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2006/11/2 8:50
Posts: 1704
Re: "The more exclusionary you make things the less participants there will be and the cost per participant will rise to the point where just a few people are paying for the whole pie.
I know it's winter and it's been tough to get out and go fishing for a couple of weeks for many people, but it's about time we realize that the 100 or so participants on this board represent only a minute fraction of PA fishermen."

C&R streams like Penns Creek, Spring Cr, Little J, Fishing Cr, Yellow Breeches and Slate Run are so popular that people constantly complain about the crowding. Yellowstone Park is largely C&R and that is a very popular fishing destination.

Lots of bass fisherman fish C&R now.

I don't think the miniscule minority idea holds true any more.

Posted on: 2007/2/20 21:38

2006/9/9 9:29
From Monessen, PA
Posts: 2840
In my opinion, it is selfish to expect everyone to give up harvesting wild trout so as to maximize the catch-and-release entertainment value for the rest of us. Both interests can be accomodated with proper regulations. We can disagree with where the limitations are set, but I think that anyone "with half a brain" should be able to understand that some level of allowable harvest can be consistent with preserving the viability of a wild fishery.

Posted on: 2007/2/20 21:40
"If you see the Buddha in the road, please slow down and see if she is OK." OK?

-- Me

2006/9/11 8:26
From Chester County
Posts: 2841
Ditto what Jack said.....C&R and catch & keep can coexist if the proper regulations are in place and enforced. In other words, the answer is somewhat in the middle of both views, which is usually the case, IMO. The only argument should be how to regulate to accommodate both C&R and C&K. I believe that many, including the PFBC, underestimate the attraction of a good quality fishing stream with C&R or restricted harvest regulations. Build it and they will come! Check out the parking areas along nearly every special regulation trout section of our streams!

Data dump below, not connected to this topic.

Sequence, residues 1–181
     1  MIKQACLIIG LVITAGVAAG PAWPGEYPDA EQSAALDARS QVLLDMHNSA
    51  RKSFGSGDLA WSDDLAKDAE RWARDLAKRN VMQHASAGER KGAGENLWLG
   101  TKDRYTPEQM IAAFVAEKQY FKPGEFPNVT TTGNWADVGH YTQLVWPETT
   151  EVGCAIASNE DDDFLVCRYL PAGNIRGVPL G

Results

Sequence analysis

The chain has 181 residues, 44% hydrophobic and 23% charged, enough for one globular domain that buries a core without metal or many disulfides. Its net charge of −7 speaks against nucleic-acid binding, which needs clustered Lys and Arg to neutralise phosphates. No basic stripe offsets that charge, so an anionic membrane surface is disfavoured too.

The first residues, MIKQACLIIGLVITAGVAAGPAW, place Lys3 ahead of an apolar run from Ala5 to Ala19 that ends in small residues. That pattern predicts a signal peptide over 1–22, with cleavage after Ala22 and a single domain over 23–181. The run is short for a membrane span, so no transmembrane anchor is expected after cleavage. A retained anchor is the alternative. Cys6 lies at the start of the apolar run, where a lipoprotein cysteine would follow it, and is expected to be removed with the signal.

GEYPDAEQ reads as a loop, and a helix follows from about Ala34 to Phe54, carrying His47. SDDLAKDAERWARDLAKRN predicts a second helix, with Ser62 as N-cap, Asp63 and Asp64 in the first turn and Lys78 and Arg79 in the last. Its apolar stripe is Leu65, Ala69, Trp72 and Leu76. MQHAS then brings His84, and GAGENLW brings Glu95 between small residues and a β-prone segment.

The financial reality is that the PFBC does not have the money to continue to maintain hatcheries at a high level to stock trout. The resource must be stretched out to get more with less. Wild trout is a renewable “resource”. Preserve and enhance the wild trout, and stock where appropriate. The PFBC has no choice but to move in that direction from my point of view.

Ps. Tim - I was born and raised in West Pittston, in the Wyoming Valley between Wilkes-Barre and Scranton.

Posted on: 2007/2/21 9:40


2006/12/7 18:13
Posts: 273
I have a stupid question: why do hunters almost universally feel that managing the herd or flock by selective harvest is essential to good hunting but we fly fisherman feel we MUST practice total C&R?

I don't keep any fish by choice not guilt; but I really don't see the harm in well managed harvest. I fish almost exclusively in wild trout streams where harvest is permitted, often times with no special regs. I have been fishing in these places for more than 20 years and to be honest, the biggest impact in my catch rates and fish size has been due to pollution or flooding not over harvest.